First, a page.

Tuesday 26th April 2011
HULL is as flat as its accent.
The city is named for a muddy tributary of the Humber river. A 1299 royal charter conferred a Kingston-upon- upon it, but, unlike their southern counterparts on the Thames, who prefer the regal preface, the stubborn Yorkshire burgers continue to refer to their city by its monosyllabic surname.
We moved there from the West Riding when I was eleven.
I attended a direct grant grammar school for boys, where we wore short trousers, sat at single wooden desks with inkwells, had to write ‘lines’ as a punishment, were compelled to join the cadet force, and had lessons on Saturday mornings. Prefects ruled the corridors and the masters, who wore gowns, referred to us by surname only. I was frequently in trouble and bottom of the class in woodwork.
In the second year – the ‘upper third’ – we were allocated to the Greek, German or Art sets. My first encounter with the language of Homer left me so terrified I feigned illness to miss the next double lesson. English and Maths were passable, but the rest mostly monotonous. The gym and the pitch pulled stronger than scholarship.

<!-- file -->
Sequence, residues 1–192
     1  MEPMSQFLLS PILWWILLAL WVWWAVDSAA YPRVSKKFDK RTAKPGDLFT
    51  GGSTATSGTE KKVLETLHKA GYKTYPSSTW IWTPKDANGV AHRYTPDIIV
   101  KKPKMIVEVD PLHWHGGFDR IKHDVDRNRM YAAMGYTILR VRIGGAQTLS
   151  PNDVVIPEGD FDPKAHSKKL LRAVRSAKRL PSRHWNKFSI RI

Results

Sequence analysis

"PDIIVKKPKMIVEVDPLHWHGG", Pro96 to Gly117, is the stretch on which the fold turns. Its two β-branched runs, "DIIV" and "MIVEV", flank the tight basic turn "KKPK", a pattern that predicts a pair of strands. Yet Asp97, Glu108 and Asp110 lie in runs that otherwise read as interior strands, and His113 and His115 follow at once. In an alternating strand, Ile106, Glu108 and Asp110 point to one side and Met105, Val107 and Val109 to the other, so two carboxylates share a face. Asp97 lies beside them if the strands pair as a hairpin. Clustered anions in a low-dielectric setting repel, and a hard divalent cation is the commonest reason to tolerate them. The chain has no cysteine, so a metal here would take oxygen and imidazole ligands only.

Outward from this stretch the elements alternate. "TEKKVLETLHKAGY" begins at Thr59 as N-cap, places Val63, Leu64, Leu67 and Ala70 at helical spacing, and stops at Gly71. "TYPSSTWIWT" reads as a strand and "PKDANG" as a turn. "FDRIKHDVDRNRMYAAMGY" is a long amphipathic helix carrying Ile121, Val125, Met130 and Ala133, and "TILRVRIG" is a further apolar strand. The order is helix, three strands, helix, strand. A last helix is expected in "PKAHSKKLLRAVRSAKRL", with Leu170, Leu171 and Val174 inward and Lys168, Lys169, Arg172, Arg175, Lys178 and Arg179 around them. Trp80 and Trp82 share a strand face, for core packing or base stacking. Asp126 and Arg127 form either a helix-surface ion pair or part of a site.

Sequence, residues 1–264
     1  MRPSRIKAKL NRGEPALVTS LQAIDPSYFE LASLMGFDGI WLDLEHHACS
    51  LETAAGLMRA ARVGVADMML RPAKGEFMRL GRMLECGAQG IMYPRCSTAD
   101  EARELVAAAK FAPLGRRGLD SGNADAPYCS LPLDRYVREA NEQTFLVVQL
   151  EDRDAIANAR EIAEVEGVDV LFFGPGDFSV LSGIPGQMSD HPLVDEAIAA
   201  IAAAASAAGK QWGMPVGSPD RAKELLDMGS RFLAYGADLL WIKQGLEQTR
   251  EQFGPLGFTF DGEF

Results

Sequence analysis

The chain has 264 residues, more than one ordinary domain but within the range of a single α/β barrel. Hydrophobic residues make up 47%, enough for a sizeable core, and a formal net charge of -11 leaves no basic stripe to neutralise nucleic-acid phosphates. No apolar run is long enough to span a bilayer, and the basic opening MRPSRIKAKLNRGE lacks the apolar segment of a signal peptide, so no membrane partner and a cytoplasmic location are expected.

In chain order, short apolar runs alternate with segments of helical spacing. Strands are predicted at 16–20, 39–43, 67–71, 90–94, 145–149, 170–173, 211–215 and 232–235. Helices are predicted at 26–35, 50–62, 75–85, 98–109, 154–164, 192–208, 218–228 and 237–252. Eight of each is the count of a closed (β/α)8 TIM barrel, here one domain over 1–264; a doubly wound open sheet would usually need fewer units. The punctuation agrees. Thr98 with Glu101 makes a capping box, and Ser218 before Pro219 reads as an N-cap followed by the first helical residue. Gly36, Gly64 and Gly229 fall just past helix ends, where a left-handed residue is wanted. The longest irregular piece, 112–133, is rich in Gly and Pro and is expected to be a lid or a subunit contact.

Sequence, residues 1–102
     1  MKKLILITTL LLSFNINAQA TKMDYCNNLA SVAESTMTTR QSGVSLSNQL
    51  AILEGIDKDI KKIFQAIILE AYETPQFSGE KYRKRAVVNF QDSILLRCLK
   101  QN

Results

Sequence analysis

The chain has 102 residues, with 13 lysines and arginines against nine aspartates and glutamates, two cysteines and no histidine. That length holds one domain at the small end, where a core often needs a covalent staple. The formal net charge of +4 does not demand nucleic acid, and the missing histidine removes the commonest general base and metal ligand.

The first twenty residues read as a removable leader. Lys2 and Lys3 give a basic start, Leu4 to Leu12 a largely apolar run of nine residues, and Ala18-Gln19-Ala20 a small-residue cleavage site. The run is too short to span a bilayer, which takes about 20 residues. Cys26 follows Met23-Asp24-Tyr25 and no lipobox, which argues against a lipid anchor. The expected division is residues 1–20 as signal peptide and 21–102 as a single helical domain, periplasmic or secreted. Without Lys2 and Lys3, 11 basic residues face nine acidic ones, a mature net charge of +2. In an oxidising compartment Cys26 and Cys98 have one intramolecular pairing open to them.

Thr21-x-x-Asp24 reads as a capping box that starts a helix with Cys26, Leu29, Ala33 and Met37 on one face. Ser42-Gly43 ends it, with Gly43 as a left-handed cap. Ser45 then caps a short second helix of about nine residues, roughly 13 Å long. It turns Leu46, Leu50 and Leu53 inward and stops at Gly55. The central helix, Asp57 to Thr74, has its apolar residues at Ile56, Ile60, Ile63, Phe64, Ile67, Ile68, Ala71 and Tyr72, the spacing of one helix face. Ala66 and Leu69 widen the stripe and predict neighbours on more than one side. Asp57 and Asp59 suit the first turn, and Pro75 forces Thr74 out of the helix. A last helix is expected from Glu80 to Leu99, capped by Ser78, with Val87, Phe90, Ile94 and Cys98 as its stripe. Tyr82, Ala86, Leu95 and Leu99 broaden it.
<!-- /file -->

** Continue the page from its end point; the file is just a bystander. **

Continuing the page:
Then, suddenly, there were girls. Only two of them, from the nearby high school, and only for a few hours a week, but that was enough to draw several of us into auditioning for Julius Caesar.
The director, a teacher of French, broke school tradition with an avant-garde production in modern dress. We plebeians wore cardboard masks. This allowed us to gaze, without being noticed, at the sixth form girl playing Portia, whose skinny-rib top so accentuated the shape of her teenage breasts that I fell headlongingly into adolescent love… not only with her, but also with the theatre.
Thirty-five years later, in a festival green room, a well-known actress ended the long tug’o’war I’d waged between certainty and doubt that she had been the schoolgirl Portia.
“Fourth Citizen? How could I have forgotten him?” Maureen Lipman teased the local press, as we smiled for a reunion photograph.